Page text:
Nor was I ready to embrace old age, I was in a new relationship and the association of crone with the word hag or witch just didn’t fit my self-image. Pictures in my childhood fairy tale books by Grimm and Anderson came to mind, hunched back old crones stalking innocent children in the forest, hags cackling over cauldrons of stewed toads. This was not my reality.
I went, but only because Sharon, who was celebrating her fiftieth birthday, and ready to welcome her cronehood, was treating me to the experience.

You know how it is when you walk into a room and everyone seems to know each other and no one hands you the play list? That was how it was for me on this day. I watched as people embraced each other, I participated in the required circle where we introduce ourselves by our matrilineal line, dutifully naming our mothers, grandmothers as far back as we could go. I had done this many times before, with passion, but I couldn’t dredge up any of it on this day.

Women’s gatherings can be welcoming, warm and infused with joy. Seeing women being free to express themselves and move unconsciously to their own rhythm is delightful. This gathering was like this, and I had a hard time getting in sync.

Most of the women at this workshop were too young to be crones in my opinion. Yes, there were a few elders, lovely white-haired women who dressed in the appropriate flowing organic cotton dresses and long strands of beads. These were women I would love to have known but I couldn’t make myself participate.

It was towards the end of the day that we held our Croning ceremony. I watched as the oldest woman in the room walked up to receive her crown of cedar and her crone blessing. Others followed. I shook my head when someone beckoned me to go up and I held myself apart from them as they chanted and twirled with scarves swirling from their outstretched hands.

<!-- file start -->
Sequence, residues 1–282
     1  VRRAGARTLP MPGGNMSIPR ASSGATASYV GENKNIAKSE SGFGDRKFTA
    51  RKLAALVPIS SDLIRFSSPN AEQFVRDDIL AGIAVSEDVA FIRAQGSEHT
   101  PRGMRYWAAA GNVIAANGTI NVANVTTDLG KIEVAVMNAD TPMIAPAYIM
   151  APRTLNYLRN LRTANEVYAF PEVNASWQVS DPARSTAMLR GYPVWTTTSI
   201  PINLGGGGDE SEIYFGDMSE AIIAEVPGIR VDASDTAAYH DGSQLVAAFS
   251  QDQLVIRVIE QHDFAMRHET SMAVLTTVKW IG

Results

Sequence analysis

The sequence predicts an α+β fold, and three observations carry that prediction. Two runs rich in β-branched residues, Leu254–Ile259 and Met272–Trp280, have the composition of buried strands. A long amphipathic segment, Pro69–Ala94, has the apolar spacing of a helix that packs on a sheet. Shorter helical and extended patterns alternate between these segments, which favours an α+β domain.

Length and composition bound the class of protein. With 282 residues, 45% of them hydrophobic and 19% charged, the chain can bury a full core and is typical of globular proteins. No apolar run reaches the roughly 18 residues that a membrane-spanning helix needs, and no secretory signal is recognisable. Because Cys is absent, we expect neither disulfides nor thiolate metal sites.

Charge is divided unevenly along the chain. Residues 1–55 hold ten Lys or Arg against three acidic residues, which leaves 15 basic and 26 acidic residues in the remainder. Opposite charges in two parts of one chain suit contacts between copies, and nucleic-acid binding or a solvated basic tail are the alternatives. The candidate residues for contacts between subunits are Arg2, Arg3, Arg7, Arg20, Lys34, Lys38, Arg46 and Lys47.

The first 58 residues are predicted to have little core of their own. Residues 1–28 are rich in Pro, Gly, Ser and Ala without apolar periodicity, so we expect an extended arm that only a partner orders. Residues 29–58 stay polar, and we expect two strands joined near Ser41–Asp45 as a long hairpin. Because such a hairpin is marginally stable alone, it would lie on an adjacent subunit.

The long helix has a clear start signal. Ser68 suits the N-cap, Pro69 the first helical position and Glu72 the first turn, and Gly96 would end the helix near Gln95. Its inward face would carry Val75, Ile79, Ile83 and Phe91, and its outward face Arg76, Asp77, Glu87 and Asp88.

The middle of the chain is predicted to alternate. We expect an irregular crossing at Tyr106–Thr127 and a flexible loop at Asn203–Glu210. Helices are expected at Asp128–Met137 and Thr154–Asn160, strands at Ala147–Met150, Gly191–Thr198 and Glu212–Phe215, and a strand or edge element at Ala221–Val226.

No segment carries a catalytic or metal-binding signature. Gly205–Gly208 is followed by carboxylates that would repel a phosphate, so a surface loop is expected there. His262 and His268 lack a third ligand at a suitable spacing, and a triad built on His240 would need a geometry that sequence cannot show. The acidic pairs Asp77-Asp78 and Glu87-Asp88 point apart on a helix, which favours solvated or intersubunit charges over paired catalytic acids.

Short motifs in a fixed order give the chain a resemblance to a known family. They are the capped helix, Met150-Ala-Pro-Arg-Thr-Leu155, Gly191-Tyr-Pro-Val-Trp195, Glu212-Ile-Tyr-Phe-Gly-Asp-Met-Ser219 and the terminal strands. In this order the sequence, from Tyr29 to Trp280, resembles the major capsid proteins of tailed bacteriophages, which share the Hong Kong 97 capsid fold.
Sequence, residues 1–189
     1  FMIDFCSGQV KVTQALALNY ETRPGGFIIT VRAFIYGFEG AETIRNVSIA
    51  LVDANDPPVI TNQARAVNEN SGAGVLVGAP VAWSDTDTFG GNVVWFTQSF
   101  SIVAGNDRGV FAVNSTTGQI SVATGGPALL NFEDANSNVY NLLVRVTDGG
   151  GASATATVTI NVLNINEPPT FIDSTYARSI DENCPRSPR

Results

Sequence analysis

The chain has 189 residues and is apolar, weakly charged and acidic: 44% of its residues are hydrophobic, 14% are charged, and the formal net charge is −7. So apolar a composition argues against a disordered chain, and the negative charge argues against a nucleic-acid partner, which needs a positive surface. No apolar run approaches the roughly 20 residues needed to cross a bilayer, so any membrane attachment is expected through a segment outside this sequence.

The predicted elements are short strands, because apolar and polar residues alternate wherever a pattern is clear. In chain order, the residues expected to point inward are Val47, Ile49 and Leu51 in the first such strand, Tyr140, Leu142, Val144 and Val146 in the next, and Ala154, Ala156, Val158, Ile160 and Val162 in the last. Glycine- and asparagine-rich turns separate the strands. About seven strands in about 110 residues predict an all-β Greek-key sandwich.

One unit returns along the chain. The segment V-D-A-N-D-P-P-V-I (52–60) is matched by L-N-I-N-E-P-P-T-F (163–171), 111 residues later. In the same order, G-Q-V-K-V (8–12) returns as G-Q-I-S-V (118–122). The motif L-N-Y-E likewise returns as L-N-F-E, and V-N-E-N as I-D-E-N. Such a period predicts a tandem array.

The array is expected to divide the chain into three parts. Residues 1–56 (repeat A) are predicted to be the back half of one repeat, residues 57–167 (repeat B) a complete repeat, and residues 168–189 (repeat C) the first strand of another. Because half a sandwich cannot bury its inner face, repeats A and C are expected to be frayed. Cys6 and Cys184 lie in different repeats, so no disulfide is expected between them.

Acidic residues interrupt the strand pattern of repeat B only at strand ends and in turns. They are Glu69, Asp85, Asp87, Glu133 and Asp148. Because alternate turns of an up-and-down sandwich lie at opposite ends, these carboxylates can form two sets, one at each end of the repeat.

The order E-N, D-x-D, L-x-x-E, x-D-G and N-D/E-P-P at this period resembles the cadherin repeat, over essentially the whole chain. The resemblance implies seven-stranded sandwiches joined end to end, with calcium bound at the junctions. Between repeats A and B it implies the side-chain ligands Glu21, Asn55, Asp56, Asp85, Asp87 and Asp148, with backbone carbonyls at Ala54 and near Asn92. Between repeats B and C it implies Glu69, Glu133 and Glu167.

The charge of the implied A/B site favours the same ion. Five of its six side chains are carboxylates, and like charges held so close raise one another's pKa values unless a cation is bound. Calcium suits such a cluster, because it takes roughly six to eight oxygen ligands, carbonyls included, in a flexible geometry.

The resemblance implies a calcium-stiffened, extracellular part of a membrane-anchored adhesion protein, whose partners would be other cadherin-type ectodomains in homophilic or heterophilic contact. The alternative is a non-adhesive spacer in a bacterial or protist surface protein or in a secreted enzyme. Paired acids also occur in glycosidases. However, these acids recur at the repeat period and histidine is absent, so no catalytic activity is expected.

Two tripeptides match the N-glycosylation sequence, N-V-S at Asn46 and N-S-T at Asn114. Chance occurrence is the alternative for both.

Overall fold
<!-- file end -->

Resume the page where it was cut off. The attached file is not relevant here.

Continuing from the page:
There was something not quite right about the day for me, and I have never been comfortable in groups where feelings felt contrived but at the same time there was a part of me that longed to join in and to revel in the freedom they so joyously embraced.

I certainly was not ready to welcome Cronehood.

All this changed last year when I turned eighty. I had arrived at this magical age, still healthy and active with a long list of things I wanted to do. Definitely a milestone to celebrate. I could now properly claim Cronehood status. I did some research. The Unitarians had this to say about Crone ceremonies and the word Crone: link

We could perhaps define the crone as a woman that is gracefully adapting to the process of aging. She inspires others. She is comfortable in her own skin and with her spirituality. Her intuitive and creative powers are pronounced. But what really sets the crone apart is that she embodies a passion to explore meaning in her life; and she exemplifies an unselfish willingness to share her honesty, knowledge, wisdom, love, and compassion.

Honoring our wise women for the contributions of knowledge and wisdom is a tradition that has been lost over time. This ceremony acknowledges that our elders are our wisdom-keepers.

Crossing the threshold into Cronehood can be a major event in a woman’s life. It’s a celebration of all that you’ve learned, and all that you will come to know in the future. For many women, it’s a time to make new commitments and vows. This third cycle of your life is the one in which you become an Elder. The word Crone should now be a word of power for you, so celebrate it. You’ve earned it.

I took this advice to heart and celebrated my eightieth birthday with my family and a few crones. The accompanying photo shows my daughter Maureen, my friend Sharon, me and my sister Kate, all beautiful crones who are aging gracefully.

I have entered what I consider to be the fourth cycle of my life. I embrace my Cronehood as I join the legions of elders who continue writing and publishing well into their nineties.

Stay tuned,
Musings of an Island Crone

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What are your writing goals for year 2020?

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Chemainus Writers

A big shout out to my writers’ group. Who knew when we first met at the iconic Billy’s Delight Ice Cream parlour in downtown Chemainus that we would still be meeting nineteen years later? Although Billy’s Delight is long gone, of the four strangers who met that day, three of us, Bernice Ramsdin Firth, Tom Masters and I, are still going strong.